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Shaun Tan's new book 'Creature' collects his drawings, paintings and reflections


As far as Shaun Tan is concerned, the idea of needing to belong to something can be overrated. Tan is an artist and writer whose work has earned a cult following. He's best known for his graphic novel "The Arrival" and the Academy Award-winning short film "The Lost Thing." NPR's Elizabeth Blair spoke with Tan about his new book, "Creature," a collection of his art that spans nearly 25 years.

ELIZABETH BLAIR, BYLINE: Shaun Tan's creatures are made of a little bit of everything, stuff from nature and your kitchen - a toaster with horns, a birdlike beast with one eye, a mechanical-looking bug towing a giant strawberry. Some of them are fierce, but a lot of them are playful and cuddly.

SHAUN TAN: I've always been interested in the strange creature as a companion, not as an adversary or antagonist or a threat or something even scary and mysterious but as the person sitting next to you.

BLAIR: In Shaun Tan's graphic novel "The Lost Thing," a boy walks on a beach, collecting bottle caps. He sees a huge, red creature like a metal pot with crab claws. Nobody else seems to even notice it. But the boy is curious.


TIM MINCHIN: (As Narrator) Turned out to be really friendly, and I played with the thing for most of the afternoon.

BLAIR: The book was turned into a short film narrated by Australian actor Tim Minchin.


MINCHIN: (As Narrator) As the hours slouched by, it seemed less and less likely that anyone was coming to take the thing home. Soon, there was no denying the unhappy truth. It was lost.

BLAIR: The boy tries to help the lost thing find its home.

TAN: The question for me was always, why is he engaging with this creature? Why is he so worried about where it belongs? And where does that question of belonging lead him?


MINCHIN: (As Narrator) I decided to hide the thing in our back shed, at least until I could figure out what to do next. I mean, I couldn't just leave it wandering the streets.

BLAIR: Tan's new collection includes a lot of the original sketches from "The Lost Thing." It was his first book. At the time, he was a freelance illustrator but wanted to do his own work.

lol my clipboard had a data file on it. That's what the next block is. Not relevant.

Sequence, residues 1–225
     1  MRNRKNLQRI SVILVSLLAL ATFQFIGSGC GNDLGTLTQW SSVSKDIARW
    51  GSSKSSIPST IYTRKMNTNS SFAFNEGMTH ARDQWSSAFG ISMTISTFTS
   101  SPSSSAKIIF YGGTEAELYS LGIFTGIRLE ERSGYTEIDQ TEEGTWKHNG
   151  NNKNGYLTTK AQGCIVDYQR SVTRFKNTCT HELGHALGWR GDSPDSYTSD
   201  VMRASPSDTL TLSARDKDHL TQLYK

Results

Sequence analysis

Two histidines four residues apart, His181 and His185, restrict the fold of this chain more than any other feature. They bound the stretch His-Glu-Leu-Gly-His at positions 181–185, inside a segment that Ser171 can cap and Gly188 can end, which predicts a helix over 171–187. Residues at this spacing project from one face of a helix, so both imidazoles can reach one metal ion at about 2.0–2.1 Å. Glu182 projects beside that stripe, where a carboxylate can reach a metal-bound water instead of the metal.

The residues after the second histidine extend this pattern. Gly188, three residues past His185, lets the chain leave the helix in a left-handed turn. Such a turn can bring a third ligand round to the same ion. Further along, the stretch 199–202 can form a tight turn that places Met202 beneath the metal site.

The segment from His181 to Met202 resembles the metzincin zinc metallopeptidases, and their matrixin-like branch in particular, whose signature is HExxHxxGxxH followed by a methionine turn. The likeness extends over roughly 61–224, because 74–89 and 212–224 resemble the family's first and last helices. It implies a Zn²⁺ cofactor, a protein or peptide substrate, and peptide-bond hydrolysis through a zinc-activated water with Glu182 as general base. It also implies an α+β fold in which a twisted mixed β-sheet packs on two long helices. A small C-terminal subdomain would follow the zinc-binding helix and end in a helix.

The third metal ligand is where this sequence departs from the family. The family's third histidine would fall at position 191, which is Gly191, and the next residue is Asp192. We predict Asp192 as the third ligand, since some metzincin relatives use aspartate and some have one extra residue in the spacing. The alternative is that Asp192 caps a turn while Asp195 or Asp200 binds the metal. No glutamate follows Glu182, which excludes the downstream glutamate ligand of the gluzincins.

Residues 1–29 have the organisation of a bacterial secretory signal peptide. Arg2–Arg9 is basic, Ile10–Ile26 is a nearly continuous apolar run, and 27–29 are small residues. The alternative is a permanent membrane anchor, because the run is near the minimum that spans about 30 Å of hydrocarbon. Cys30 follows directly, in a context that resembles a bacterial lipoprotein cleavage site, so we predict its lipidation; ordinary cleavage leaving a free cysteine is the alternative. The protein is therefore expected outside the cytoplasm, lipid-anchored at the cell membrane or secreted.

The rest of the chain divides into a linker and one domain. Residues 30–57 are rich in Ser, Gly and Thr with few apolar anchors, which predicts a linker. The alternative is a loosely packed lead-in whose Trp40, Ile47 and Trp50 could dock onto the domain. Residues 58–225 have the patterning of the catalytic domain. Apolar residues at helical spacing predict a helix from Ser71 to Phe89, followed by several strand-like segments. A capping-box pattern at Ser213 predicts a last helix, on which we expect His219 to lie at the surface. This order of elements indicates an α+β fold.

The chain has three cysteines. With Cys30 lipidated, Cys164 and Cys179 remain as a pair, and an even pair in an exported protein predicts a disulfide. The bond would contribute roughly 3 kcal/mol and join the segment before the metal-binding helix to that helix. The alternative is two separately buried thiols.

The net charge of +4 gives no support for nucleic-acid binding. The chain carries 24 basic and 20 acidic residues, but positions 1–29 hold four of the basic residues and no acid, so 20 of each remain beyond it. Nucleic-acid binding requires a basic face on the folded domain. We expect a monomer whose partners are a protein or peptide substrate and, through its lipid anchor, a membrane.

TAN: It kind of tapped into something I was feeling at the time in my mid-20s, a sense of wanting to be creative but not quite sure where I belonged and what the meaning of my work was. And the story ended up being about all those things, about, what do you do with meaningless work, and is that OK? And I've come to realize it is OK (laughter). I've made a career out of it.

BLAIR: Tan doesn't think his creatures are meaningless anymore, just the opposite. He says he's figured out something serious to say with them. Eventually, the boy in "The Lost Thing" understands that the creature might not belong anywhere, and that's OK.

TAN: When someone says that in order to belong, you need to be this sort of thing or you need to fulfill these certain requirements, well, it's going down a very bad road. And you see that happening all over the world, and it also is a basis for a lot of needless disagreement between people.

BLAIR: Tan's graphic novel "The Arrival" is also about belonging and dislocation. It follows a man emigrating to a country that has both humans and creatures.

TAN: I'm interested in what you do when you encounter something that's really, really strange and unfamiliar and how we respond to that. Whether it's with fear, evasion or curiosity and maybe even love is really quite telling.

BLAIR: Shaun Tan's new collection is called "Creature: Paintings, Drawings, And Reflections." Elizabeth Blair, NPR News.

(SOUNDBITE OF FREE THE ROBOTS' "KADUWA (FEAT. TEEBS)") Transcript provided by NPR, Copyright NPR.

Elizabeth Blair is a Peabody Award-winning senior producer/reporter on the Arts Desk of NPR News.